Clubs will not be able to trade draft picks any further than a year in advance during this year's exchange period, despite a push to further open up player movement.

Since 2015, AFL rules have allowed clubs to be able to trade future draft picks one year in advance.

However last year it was raised to extend that to either two or three years, as list managers from around the competition hoped for even further flexibility to get deals done.

But the AFL has not moved on its rules, with the same set of guidelines to apply to this year's NAB AFL Trade Period despite a change being previously considered.

Clubs have put forward the argument that with more picks available to trade, it could allow bottom sides to rebuild quicker instead of taking several years to be regularly competitive.

"It would give us more chips in the hand to use, and the more we have the more likely we are to get deals done," one recruiter said.

But it's understood the AFL still has reservations about allowing clubs to trade their selections well into the future so that, if it goes wrong, it doesn't backfire in a way that hurts a club for the long-term.

For this reason, some clubs have raised the option of introducing pick protection for selections traded for drafts beyond a year in advance to safeguard against disaster deals.

It would mean, like in the NBA in the US, clubs are able to trade selections but 'protect' them if they finish low on the ladder and then recoup them.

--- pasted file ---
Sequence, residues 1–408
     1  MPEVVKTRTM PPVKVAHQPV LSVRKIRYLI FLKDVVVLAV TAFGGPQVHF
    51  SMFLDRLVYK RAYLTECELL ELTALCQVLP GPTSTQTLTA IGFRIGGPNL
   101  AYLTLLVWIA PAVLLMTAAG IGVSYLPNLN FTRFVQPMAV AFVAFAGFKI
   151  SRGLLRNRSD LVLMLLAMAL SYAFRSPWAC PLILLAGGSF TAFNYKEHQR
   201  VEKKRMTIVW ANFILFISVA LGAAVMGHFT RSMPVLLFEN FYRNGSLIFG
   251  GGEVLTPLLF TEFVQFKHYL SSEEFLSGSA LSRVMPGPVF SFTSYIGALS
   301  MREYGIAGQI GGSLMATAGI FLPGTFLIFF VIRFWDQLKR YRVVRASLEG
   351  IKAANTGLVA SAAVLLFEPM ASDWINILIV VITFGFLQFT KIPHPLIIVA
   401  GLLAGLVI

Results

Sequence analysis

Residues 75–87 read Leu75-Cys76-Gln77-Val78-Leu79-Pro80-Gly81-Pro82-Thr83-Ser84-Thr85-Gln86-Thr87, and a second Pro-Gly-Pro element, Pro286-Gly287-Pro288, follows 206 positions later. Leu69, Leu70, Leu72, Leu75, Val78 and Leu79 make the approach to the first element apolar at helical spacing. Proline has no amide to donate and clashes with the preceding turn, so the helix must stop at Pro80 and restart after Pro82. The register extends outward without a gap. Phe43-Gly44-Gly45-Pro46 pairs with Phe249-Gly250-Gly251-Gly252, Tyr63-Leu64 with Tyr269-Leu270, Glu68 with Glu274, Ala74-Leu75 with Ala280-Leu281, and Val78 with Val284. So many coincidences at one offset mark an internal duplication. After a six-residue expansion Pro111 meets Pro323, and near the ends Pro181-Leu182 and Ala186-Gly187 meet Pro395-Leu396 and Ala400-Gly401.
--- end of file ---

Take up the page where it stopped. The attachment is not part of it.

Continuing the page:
There are five picks in the first round of this year's NAB AFL Draft that are tied to other clubs' finishing positions, including the current No.1 choice, which Carlton traded to Adelaide during last year's national draft.

Greater Western Sydney holds Essendon's first selection, Carlton has Adelaide's, Gold Coast owns Brisbane's and the Lions hold Collingwood's first pick.

The AFL has locked in the dates for this year's draft, and will stage it at Marvel Stadium over two nights, Wednesday-Thursday November 27-28.

The first round of the draft will be held on the Wednesday night, before the rest of the draft resumes on Thursday night at 7pm local time.

The second day will start at night after feedback from clubs last year who worked into the late hours following the opening night before starting the next day around lunchtime.

The NAB AFL Rookie Draft will be held either on Thursday, November 28 after the national draft or on Friday, November 29 from 9am.